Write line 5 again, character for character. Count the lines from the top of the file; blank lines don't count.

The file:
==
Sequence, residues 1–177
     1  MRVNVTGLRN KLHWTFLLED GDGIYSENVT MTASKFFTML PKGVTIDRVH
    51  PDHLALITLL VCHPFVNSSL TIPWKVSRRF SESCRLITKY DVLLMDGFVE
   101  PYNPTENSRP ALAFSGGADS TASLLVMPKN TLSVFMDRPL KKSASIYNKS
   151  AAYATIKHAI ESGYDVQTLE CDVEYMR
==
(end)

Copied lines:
   151  AAYATIKHAI ESGYDVQTLE CDVEYMR